Cloud computing's utility and power in everyday life reached a notable new milestone today with Panda Security's free PC security service.
This delivery and two-way malware detection-access model makes a ton of sense, so much so that I expect we'll be soon seeing the cloud model deliver of more than PC security and anti-virus/anti-spam services. The era of remote services for a slew of device support and maintenance -- of everything from cars to cell phones to home appliances -- is upon us.
Essentially anything that uses software and has network access can be supported efficiently and powerfully based on the Panda Security cloud model. Making the service free to home-based users is especially brilliant because it gains the Metcalfe's Law benefits of a valuable community to detect the malware, with the means to then sell the detection and prevention means to business and professional users. [Disclosure: Panda Security is a sponsor of BriefingsDirect podcasts.]
Here's how it works, from Panda's release:
Consumers can download the free client protection product from http://www.cloudantivirus.com. ... The Panda Cloud Antivirus thin-client agent introduces a new philosophy for on-access asynchronous cloud-scanning. It combines local detection technologies with real-time cloud-scanning to maximize protection while minimizing resource consumption. This optimized model blocks malicious programs as they attempt to execute, while managing less dangerous operations via non-intrusive background scans.
Panda's proprietary cloud computing technology called Collective Intelligence, Panda Cloud Antivirus harnesses the knowledge of Panda's global community of millions of users to automatically identify and classify new malware strains in almost real-time. Each new file received by Collective Intelligence is automatically classified in under six minutes. Collective Intelligence servers automatically receive and classify over 50,000 new samples every day. In addition, Panda's Collective Intelligence system correlates malware information data collected from each PC to continually improve protection for the community of users.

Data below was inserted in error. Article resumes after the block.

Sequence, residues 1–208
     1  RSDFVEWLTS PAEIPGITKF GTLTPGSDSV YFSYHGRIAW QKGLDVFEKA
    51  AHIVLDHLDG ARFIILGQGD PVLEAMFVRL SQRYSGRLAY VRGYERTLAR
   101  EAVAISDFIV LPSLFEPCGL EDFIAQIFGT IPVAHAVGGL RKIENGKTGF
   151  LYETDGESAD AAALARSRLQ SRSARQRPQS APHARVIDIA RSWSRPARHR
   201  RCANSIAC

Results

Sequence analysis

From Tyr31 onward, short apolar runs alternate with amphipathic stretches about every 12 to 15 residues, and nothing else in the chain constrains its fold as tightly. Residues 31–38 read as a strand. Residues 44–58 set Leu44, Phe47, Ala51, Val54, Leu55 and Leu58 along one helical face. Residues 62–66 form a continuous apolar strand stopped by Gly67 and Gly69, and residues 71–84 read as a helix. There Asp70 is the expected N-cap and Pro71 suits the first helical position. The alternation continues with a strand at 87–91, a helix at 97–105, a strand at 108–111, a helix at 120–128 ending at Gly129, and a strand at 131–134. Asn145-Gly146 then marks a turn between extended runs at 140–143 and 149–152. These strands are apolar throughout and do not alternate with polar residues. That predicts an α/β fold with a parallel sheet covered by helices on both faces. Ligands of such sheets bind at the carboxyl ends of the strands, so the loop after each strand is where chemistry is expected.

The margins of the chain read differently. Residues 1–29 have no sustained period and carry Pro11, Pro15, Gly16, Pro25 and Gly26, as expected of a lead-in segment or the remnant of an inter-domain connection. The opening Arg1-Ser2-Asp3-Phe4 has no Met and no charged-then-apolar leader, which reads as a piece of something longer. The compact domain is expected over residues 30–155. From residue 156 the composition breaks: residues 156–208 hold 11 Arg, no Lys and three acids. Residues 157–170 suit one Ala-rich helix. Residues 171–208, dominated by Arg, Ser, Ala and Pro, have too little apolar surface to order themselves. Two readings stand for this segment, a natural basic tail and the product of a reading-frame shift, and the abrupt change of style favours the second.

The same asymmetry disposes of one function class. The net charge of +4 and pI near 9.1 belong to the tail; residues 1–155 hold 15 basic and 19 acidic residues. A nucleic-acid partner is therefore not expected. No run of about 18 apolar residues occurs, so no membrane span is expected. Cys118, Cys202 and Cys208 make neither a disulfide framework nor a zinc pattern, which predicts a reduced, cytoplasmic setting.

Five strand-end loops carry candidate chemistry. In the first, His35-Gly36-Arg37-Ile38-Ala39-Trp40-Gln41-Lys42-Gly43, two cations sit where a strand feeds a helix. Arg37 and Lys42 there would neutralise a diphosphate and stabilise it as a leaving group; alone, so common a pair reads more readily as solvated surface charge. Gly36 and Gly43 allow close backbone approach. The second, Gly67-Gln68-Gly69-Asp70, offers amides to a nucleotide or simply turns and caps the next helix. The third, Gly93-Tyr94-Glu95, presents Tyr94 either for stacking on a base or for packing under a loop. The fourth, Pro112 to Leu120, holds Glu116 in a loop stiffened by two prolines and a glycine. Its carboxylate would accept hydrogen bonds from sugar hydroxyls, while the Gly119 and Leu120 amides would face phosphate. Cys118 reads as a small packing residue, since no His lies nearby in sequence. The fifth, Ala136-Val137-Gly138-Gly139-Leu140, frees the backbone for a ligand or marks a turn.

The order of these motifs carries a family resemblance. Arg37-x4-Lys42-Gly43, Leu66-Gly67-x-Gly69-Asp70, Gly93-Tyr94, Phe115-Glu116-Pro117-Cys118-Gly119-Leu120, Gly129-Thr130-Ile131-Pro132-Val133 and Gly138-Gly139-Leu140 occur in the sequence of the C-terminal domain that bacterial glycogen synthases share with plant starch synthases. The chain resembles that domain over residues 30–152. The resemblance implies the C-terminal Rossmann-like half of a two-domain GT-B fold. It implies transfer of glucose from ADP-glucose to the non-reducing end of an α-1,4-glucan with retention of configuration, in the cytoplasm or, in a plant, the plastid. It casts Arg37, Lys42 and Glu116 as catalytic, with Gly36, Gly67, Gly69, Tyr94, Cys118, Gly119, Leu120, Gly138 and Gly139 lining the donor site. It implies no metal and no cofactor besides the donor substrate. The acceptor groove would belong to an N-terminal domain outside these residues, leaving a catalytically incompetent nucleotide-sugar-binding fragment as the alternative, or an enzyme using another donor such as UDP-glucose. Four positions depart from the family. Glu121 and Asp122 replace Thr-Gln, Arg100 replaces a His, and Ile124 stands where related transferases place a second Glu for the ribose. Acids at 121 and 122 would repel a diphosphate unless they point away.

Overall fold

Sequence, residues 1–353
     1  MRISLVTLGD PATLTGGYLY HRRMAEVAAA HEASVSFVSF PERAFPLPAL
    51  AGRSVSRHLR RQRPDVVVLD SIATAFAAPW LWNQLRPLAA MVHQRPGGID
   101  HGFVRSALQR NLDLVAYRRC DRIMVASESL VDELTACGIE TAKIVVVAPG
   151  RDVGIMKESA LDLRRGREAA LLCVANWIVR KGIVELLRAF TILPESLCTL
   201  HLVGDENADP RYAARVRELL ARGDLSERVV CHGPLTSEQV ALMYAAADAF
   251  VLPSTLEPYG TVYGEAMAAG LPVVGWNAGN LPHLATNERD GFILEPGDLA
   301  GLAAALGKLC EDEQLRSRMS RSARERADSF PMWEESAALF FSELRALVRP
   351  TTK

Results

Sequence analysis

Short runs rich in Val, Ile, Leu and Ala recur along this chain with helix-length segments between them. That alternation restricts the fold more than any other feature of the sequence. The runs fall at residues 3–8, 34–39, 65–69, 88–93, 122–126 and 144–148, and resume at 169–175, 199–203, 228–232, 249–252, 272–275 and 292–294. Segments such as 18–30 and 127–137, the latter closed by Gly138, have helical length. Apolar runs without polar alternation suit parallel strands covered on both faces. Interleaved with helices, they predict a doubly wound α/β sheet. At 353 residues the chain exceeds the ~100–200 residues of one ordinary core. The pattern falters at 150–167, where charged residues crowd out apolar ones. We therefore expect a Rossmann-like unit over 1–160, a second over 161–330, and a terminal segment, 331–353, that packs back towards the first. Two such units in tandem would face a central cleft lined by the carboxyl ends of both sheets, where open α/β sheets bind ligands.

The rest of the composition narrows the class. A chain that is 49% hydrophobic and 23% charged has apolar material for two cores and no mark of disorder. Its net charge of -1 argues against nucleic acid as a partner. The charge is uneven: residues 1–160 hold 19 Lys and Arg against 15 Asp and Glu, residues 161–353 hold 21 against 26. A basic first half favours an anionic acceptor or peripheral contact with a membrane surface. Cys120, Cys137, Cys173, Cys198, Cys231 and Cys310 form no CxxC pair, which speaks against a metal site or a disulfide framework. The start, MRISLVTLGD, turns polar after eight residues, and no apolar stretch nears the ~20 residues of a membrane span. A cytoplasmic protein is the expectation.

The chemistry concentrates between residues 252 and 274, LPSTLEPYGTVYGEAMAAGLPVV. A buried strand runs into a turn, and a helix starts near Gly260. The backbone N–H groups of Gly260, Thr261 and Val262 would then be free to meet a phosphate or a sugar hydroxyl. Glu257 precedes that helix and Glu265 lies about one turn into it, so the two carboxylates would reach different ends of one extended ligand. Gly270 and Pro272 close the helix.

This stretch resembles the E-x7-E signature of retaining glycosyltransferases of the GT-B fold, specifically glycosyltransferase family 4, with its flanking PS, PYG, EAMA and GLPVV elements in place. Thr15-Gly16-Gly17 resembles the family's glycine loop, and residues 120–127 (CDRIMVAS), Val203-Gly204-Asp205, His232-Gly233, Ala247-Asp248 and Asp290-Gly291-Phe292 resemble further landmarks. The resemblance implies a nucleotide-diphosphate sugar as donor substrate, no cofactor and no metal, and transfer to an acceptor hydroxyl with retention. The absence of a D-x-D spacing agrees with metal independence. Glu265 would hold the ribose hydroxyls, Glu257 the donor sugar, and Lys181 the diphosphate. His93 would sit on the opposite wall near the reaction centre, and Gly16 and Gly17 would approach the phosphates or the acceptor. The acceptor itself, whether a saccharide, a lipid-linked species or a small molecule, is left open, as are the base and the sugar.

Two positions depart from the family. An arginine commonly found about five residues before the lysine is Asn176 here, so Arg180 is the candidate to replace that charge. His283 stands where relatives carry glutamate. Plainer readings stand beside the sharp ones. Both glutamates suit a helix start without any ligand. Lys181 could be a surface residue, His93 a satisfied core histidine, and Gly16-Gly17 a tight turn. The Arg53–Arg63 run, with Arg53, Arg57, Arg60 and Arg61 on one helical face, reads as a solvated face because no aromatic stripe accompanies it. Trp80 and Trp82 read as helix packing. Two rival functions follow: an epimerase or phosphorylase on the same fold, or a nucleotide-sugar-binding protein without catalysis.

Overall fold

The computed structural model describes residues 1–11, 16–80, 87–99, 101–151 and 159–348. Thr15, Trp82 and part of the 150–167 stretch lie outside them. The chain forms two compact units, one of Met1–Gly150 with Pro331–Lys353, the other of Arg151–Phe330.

Panda says the model demands a lot less of a PC's resources, 5% versus 9% for other fat-client AV software approaches. That means older PCs can get protected better, cheaper, and longer. Far fewer people will need to upgrade the PC hardware just to keep it free from viruses. It's about time! Poor security should not be a business model for sellers of new computers and software.
I'm going to try this service on Windows XP Home running on Parallels on my iMac Leopard. I'll report back on how it works.
As I said, I hope this model succeeds because it really is a harbinger of how cloud-based services can improve and solve thorny problems in a highly efficient manner that combines the power of community with scale and automation. This may go far in also dissuading the creators of malware because the bad things will be squelched so fast if a Panda model get critical mass that the effort is useless and therefore mute.
Panda Security, a privately held company based in Spain, could well see its services expand to include PC maintenance, support, remote and automated support, and even more SaaS applications and productivity services. I expect this burgeoning ball of PC services from the cloud ecology to become the real software plus services model. It will be very interesting to see which vendors and/or providers or partnerships can assemble the best solutions package first and best.
Incidentally, don't expect Microsoft to do this cloud-based security thing. It can't afford to kill off or alienate the third-party malware security providers by doing it all itself. Those days are long past gone. The third parties, however, can now stretch their wings and fly. And they are.
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